How do I motivate my son who is addicted to video games to go above and beyond homework and find interest in extracurricular activities?
~ Concerned Parent of 8th Grader
Dear Concerned Parent,
This is a great question and a very common struggle for many families.
As a parent myself, I’ve researched a lot about parenting and worked with a parenting coach. This is what I’ve learned:
1.) Be curious. Ask your son why he is playing video games.
Is he bored? (With school? With life?) Is he trapped at home with nothing else to do besides video games? Does he play to spend time with his friends? Is he stressed / overwhelmed with school or other responsibilities and need an escape?
If you understand the root cause of why he is playing video games, that information will help you both come up with a solution.
2.) Empathize: After he tells you why he plays, empathize with his reasons, so he feels loved and accepted. That will encourage him to be more open to listening to you, since we all want to be make those we love happy.
2.) Create Buy In: Have a discussion with your son about your concerns about video games. Are you worried because studies show that video games can cause loneliness, stress, anxiety, depression and low self-esteem? If so, tell him. Ask him what he thinks about those risks.
If he’s wants to change, ask him for ideas on what limits he can impose on himself, and ideas on how he can spend his time. An 8th grader is definitely old enough to have this type of discussion and give input on activities that can substitute for video games.
3.) Limit: If your son doesn’t have many ideas about how to contain his video games or is uncooperative, set limits on the amount of video games he plays and then remove devices when he’s reached those limits. Take away the privilege of video games until after your goals are reached.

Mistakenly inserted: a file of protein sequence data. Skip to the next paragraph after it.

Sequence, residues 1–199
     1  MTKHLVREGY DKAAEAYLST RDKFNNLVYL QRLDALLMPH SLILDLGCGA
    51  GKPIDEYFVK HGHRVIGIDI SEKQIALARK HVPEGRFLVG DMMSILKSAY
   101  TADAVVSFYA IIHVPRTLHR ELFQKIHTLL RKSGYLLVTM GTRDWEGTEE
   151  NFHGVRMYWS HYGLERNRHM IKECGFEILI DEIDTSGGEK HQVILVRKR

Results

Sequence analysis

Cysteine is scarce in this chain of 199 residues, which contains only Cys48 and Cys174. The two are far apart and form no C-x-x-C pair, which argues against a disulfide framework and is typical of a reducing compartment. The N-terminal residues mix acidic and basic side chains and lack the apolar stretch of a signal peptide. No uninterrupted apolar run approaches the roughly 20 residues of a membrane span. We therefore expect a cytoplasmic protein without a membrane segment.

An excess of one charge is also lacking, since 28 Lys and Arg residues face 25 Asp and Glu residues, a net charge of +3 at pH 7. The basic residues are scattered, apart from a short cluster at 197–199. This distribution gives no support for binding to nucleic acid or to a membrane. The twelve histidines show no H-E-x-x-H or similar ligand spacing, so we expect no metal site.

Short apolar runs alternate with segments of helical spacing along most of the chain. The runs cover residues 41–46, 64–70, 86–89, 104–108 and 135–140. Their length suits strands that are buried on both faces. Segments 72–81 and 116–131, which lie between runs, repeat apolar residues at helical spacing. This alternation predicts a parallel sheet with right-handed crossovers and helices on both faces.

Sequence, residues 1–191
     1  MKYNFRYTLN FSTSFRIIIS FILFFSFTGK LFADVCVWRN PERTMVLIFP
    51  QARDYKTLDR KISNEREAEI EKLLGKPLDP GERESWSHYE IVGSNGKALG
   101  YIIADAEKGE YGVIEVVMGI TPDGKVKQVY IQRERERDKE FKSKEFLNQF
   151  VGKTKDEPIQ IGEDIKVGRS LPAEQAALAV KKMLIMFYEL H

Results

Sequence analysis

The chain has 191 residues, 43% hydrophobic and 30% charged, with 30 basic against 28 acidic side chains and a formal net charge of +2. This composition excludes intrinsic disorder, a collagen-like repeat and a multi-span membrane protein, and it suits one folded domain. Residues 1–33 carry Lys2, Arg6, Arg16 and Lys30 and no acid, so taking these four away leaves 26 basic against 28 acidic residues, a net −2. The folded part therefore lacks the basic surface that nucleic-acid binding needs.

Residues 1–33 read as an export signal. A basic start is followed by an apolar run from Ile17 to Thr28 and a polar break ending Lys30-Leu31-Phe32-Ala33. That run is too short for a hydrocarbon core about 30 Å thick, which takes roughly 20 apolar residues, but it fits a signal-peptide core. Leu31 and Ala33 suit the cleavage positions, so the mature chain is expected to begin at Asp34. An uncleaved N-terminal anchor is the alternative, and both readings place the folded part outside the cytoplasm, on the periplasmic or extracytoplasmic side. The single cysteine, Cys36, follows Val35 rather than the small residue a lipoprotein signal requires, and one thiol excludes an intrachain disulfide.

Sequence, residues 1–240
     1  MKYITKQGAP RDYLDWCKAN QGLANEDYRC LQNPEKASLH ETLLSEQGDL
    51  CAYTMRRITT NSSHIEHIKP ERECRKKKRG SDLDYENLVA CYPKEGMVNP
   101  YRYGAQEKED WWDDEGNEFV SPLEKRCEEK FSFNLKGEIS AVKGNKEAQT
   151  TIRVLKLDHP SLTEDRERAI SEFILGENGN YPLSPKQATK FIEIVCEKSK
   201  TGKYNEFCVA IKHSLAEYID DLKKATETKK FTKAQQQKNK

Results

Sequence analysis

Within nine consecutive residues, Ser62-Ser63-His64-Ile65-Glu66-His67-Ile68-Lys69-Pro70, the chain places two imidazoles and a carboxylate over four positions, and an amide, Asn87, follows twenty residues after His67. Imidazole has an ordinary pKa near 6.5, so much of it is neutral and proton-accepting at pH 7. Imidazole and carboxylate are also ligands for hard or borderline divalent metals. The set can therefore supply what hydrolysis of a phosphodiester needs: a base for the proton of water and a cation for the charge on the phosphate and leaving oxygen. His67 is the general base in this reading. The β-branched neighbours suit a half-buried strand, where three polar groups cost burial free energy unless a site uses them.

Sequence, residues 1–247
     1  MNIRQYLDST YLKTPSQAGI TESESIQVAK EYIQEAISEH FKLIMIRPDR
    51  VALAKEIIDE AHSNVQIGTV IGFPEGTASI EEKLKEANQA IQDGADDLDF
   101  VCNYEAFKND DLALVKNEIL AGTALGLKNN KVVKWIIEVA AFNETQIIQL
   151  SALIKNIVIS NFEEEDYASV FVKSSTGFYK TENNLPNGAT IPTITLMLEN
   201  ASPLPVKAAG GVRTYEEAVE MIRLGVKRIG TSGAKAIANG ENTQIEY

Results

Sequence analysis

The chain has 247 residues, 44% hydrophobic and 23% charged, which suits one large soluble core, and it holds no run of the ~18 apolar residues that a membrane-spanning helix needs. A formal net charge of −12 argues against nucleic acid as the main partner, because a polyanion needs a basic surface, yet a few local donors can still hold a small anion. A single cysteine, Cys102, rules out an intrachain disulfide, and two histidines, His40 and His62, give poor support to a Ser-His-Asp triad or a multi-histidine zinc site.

4.) Reward: Explain to your son the importance of having interests outside of school. Extracurriculars are a great way to build friendships and improve mental health. They can also teach social skills, and studies show that EQ (Emotional Intelligence) is a more important determinant of “success” than IQ.
With your son, brainstorm extracurriculars that excite him. And, encourage him to invite friends to join along.
If your son still doesn’t want to participate in extracurriculars, you can both generate a list of rewards (e.g. screen time, a trip to the movies with friends, etc.) for participating in outside activities.
If he truly doesn’t want to participate in any extracurriculars, you can always completely remove the video games, forcing him to do something else, anything else, with his time.
For extreme cases of video game addiction, you can always consult his pediatrician for more resources..
Let me close with a story: one my students used to stay up all night playing video games with friends to escape the stresses and responsibilities of life. Prior to high school he was a straight A student, but unfortunately, the video games caused his grades to drop in 9th and 10th grade.
On his own, my student came to the realization that he didn’t want to squander his opportunities. So, he decided to go into a frenzy of studying. He was able to bring up his grades, going from a B student back to an A student. And he ended up getting a composite score of 1500 on his SATs. He was the only person who could make this decision and do the work.
Continue to build a strong relationship with your son, explaining the thought process behind your actions and decisions, so he can learn how to make healthy decisions after he’s left home.
Best wishes and keep me posted,